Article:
The payment industry is at a crossroads today as the traditional players face a choice to reinvent themselves or risk being displaced through a metronomic drift from relevance. Similar to the early days of the Internet, where the promise and possibilities were evident but the broader impact to business and society was uncertain, the industry knows it needs to modernize payment systems but fears the uncertainties and broader ramifications to the established model. However, history has shown that embracing change at the right time can lead to market benefits that can make a company a staple in the new economy.
PayPal was among the early pioneers of making digital payments with a PC in 1998, and new innovations have come from companies such as Apple, Bitcoin, and Square to extend the capability to mobile devices. These companies introduced solutions to fill a void left by financial institutions that were slow to change.
Consumers were ready for a modern payment system that matched the convenience of mobile devices and applications, but banks and credit card providers still relied on magnetic strip technology that was first conceived in 1969. Fortunately, banks and credit card companies have finally accepted the fact that consumer behavior has changed and they must update their technology or risk consumers choosing a modern mobile method that does not include them.
The question the industry is facing isn’t whether or not change will occur; it is which technology standard the industry will embrace as the model moving forward and what that future will look like.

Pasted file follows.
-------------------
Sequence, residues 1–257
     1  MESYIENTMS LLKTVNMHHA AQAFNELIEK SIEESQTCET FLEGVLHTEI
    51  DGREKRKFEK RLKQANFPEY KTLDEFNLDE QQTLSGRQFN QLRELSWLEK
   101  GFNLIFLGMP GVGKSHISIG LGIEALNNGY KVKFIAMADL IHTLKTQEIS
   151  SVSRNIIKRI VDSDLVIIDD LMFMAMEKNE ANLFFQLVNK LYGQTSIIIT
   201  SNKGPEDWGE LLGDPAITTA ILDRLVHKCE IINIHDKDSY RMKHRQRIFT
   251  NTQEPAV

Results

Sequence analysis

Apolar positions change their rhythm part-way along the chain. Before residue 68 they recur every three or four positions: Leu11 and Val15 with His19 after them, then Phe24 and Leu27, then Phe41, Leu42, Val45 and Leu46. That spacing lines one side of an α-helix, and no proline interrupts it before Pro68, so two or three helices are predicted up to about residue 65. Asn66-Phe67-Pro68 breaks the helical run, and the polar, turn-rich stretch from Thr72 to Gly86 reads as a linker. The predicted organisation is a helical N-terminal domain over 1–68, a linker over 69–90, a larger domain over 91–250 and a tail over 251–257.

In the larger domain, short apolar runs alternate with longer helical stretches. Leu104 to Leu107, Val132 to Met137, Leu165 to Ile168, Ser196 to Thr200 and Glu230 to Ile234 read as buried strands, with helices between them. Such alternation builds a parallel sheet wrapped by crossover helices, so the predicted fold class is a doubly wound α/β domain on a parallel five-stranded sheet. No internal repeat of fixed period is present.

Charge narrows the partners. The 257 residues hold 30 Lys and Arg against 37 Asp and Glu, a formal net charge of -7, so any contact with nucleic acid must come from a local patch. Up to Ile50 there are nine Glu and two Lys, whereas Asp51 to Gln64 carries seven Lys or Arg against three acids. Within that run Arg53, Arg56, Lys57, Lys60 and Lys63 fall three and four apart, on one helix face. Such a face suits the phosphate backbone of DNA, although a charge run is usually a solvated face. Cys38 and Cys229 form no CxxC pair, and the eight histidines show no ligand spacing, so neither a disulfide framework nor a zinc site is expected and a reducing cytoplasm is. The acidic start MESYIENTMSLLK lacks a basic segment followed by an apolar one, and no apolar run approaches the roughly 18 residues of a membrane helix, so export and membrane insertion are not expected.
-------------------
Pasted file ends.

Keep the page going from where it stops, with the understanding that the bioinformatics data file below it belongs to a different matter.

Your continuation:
A group of retailers called the Merchant Customer Exchange (MCX) have been working on a mobile payment system called CurrentC that uses QR codes for point of sale (POS) payments and bypasses credit card companies. This system is currently in the pilot phase with a national rollout planned for next year. On the other hand, the three major credit card companies are backing a different system that uses near field communication (NFC) technology that requires merchants to completely update their POS machines. So which one will become the de facto standard of the future?
There are some similarities to the VMware enterprise end-user computing business that we can draw from to help answer that question.
Often what sets enterprise end-user computing companies apart is a supporting infrastructure, reputation, history of success, practicality of solutions, and the partner ecosystem. I believe these factors will also be the critical elements that go into determining the next digital payment standard.
For example, one of the many reasons VMware is a leader in end-user computing and enterprise mobility management (EMM) is because we offer a seamless user experience through a combination of partnering with top-tier companies and developing exciting new features in-house. We strategically select our ecosystem of mobile application partners because if you don’t, you’ll end up spending all your time chasing the latest mobile app startup and developing patches for interoperability. This seems to be the strategy of some of our competitors but not ours.